Duty to Engage in the Interactive Process
In addition to providing a reasonable accommodation for disabled employees, employers are also required to engage in a timely, good faith interactive process to determine what kind of accommodation the employee needs.
Under California’s Fair Employment and Housing Act (“FEHA”), the employer’s failure to engage in the interactive process is an unlawful employment practice separate from any alleged discriminatory treatment.
Courts have held that the “interactive process” should be informal, non-ritualized, and conducted in good faith between the employer and employee to find an accommodation which will enable the employee to perform the job effectively. The law is clear that the employee must first request an accommodation; however the employee is not required to use any magic words. If the employer knows about the employee’s physical condition, the interactive process obligation arises “once the employer becomes aware of the need to consider an accommodation.”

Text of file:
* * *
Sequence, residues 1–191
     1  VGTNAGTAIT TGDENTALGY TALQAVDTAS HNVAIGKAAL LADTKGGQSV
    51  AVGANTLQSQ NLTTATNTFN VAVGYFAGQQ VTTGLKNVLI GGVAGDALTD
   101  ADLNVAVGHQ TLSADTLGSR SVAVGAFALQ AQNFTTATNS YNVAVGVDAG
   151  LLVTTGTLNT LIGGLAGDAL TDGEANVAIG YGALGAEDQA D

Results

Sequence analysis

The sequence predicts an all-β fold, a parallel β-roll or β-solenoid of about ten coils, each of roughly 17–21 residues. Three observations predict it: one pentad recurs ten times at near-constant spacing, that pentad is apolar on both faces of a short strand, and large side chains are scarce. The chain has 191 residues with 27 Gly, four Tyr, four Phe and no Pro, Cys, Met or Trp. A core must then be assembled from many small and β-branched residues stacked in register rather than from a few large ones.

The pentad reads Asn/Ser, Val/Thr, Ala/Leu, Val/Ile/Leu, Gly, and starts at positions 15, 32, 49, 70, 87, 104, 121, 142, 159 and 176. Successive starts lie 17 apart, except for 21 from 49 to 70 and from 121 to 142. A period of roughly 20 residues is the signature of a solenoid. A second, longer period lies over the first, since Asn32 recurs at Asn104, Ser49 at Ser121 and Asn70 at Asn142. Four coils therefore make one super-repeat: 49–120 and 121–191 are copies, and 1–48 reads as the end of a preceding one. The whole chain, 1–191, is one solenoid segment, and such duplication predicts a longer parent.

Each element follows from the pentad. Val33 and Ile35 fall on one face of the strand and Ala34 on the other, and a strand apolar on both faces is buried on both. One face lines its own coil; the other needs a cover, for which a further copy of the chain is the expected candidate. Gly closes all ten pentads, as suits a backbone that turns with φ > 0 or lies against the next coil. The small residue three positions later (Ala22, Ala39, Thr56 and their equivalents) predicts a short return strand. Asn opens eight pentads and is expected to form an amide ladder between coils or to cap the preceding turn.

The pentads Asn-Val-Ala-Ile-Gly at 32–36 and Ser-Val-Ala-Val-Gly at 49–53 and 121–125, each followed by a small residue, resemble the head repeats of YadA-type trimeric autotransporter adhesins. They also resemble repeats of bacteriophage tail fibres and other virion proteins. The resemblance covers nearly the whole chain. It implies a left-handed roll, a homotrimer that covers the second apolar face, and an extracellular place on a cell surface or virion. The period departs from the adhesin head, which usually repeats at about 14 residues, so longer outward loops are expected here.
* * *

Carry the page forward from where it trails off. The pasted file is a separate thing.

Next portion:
California courts emphasize that the interactive process is a continuous, “cooperative problem-solving” endeavor, and that communications must be open with each side airing its concerns in an effort to find a workable solution. The employer has a somewhat greater responsibility to identify workable solutions since the employer generally has better information about open or available job positions or the types of accommodations that may be available.